The recent decision by the European Commission to exclude the certification of biomethane and biomethane-based fuels produced through a mass balance chain of custody in third-party countries outside the EU gas grids within the Union Database (UDB) will severely limit the use of these fuels, such as biomethanol.
Considering their significance in decarbonizing maritime transport, the Methanol Institute and its partner SEA-LNG, critical representatives of the methanol and liquified natural gas industries, are calling for immediate action from the Commission to discuss necessary amendments.
As key players in the e-fuels sector, Methanol Institute and partners urge the European Commission to revise the provisions on the use of unavoidable industrial CO2 in the production of RFNBOs, according to the current review clauses. This letter therefore proposes a sequenced way to define and authorize the valorization of unavoidable industrial CO2 after 2040 in order to address the growing demand for CO2 without resorting to imports.
Urgent call for recognizing imports of biomethane and biomethane-based fuels under the Union Database (UDB).
In a critical move for sustainability and energy security, we, at the Methanol Institute, alongside 45 other signatories, are urgently calling for the the European Commission’s immediate action to recognize imported biomethane and biomethane-based fuels, including biomethanol, within the UDB.
The Union Database is meant to be a global traceability tool for tracing liquid and gaseous transport fuels that are eligible for being counted towards the share of renewable energy in the transport sector in the EU. Despite the European Commission’s commitment to sustainability, its current stance – set to exclude these vital green fuels from certification if transported via extra-EU grids – poses a significant threat to Europe’s collective energy transition goals.
These biomethane-based fuels, like biomethanol, compliant with stringent sustainability and GHG emission standards equivalent to those within the EU, are fundamental in Europe’s drive towards a greener future. Restricting their recognition due to transport methods could discourage investments, diminish market attractiveness, and ultimately, hamper our progress towards the 2040 climate goals as outlined in the Fit for 55 package.
The Methanol Institute and its partners urge the EU to include CCU as a key net-zero technology in the NZIA, vital for EU climate goals and producing renewable fuels and sustainable materials. Recognizing CCU will catalyze emission reduction, carbon circularity, and investment certainty in Europe.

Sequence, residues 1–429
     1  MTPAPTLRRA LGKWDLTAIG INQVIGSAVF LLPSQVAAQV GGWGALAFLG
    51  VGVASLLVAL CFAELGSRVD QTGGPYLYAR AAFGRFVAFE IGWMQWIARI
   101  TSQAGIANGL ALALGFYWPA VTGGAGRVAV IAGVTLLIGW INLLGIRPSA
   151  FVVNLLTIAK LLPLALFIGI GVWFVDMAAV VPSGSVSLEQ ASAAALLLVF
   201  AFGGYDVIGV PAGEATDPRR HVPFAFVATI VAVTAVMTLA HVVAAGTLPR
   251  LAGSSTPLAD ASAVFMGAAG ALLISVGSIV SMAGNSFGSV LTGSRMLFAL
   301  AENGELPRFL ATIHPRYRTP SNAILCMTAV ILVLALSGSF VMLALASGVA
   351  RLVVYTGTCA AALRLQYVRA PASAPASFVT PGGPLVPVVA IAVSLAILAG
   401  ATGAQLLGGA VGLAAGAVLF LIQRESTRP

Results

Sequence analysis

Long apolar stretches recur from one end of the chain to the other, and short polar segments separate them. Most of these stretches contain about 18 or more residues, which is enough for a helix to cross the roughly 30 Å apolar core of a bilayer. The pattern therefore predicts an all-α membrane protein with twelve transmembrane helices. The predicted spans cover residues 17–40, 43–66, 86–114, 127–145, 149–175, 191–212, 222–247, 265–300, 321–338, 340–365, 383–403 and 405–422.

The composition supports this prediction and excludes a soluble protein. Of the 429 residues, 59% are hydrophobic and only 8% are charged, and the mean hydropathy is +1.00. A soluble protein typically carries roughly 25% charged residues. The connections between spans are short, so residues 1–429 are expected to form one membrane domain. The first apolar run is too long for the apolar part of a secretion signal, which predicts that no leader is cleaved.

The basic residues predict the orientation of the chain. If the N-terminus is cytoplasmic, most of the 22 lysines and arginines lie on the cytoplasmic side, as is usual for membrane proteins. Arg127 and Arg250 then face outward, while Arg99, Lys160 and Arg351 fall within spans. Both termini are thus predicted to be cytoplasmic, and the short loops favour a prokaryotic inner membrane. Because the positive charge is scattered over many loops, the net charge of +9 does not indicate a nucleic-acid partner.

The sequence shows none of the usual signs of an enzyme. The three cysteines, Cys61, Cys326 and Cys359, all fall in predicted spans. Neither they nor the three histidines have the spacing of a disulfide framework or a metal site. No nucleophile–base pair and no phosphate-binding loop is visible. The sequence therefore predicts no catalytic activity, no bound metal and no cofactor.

MI and 44 associations call on policymakers to consider incorporating a gas decarbonisation target in the EU’s Hydrogen and Gas Package, including an ambitious binding objective for #biomethane scaleup.
We welcome that this legislation already addresses regulatory barriers, defines incentives for the deployment of biomethane, and references the non-binding objective of 35 billion cubic meters (bcm) of  biomethane by 2030.

The CO2 Emission Standards for Heavy Duty Vehicles as proposed by the Commission, rely solely on the electric power train to attain climate objectives, neglecting the fact the electricity is only as pure as its power source. In its position, the Methanol Institute calls for balanced climate policies for heavy-duty mobility, calling for the recognition of the contributions of renewable fuels in the segment and a transition away from the high-risk strategy of relying solely on one technology solution.

MI’s position paper proposes modifications to the European Commission’s proposal to enable the energy transition of heavy-duty mobility in a technology-neutral manner.

As part of a coalition of industry leaders, including CEWEP, eFuel Alliance, Eurogas, ESWET, Fertilizers Europe, FuelsEurope, the Methanol Institute jointly sent a letter to the European commission, Council of the EU and European Parliament regarding the Net Zero Industry Act (NZIA).

Our aim is to ensure that the definition of Sustainable Alternative Fuels within the NZIA aligns with key EU policies on transport and fuels. By doing so, we can unlock the potential for innovation and transition to renewable, low-carbon solutions within the industrial sector.

MI has released its response to the European Union’s Net Zero Industry Act (NZIA). The NZIA is a component of the EU’s Green Deal Industrial Plan, which is the bloc’s response to the United States’ Inflation Reduction Act (IRA). The purpose of the NZIA is to increase the competitiveness and resilience of the EU’s net-zero technology industrial base, which will make up the backbone of an affordable, reliable, and sustainable clean energy system.

MI’s position paper presents a comprehensive breakdown of the Methanol Institute’s views on key elements of the package and provides policy recommendations on behalf of the global methanol sector.

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